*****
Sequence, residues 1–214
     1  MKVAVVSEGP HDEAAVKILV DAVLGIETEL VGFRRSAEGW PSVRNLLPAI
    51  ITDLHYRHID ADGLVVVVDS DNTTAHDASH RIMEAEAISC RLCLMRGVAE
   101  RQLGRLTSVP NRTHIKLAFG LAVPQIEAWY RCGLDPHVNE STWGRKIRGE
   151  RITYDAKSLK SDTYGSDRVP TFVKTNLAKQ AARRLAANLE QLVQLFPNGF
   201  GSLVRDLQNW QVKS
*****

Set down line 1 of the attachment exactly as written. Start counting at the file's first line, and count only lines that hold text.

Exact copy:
Sequence, residues 1–214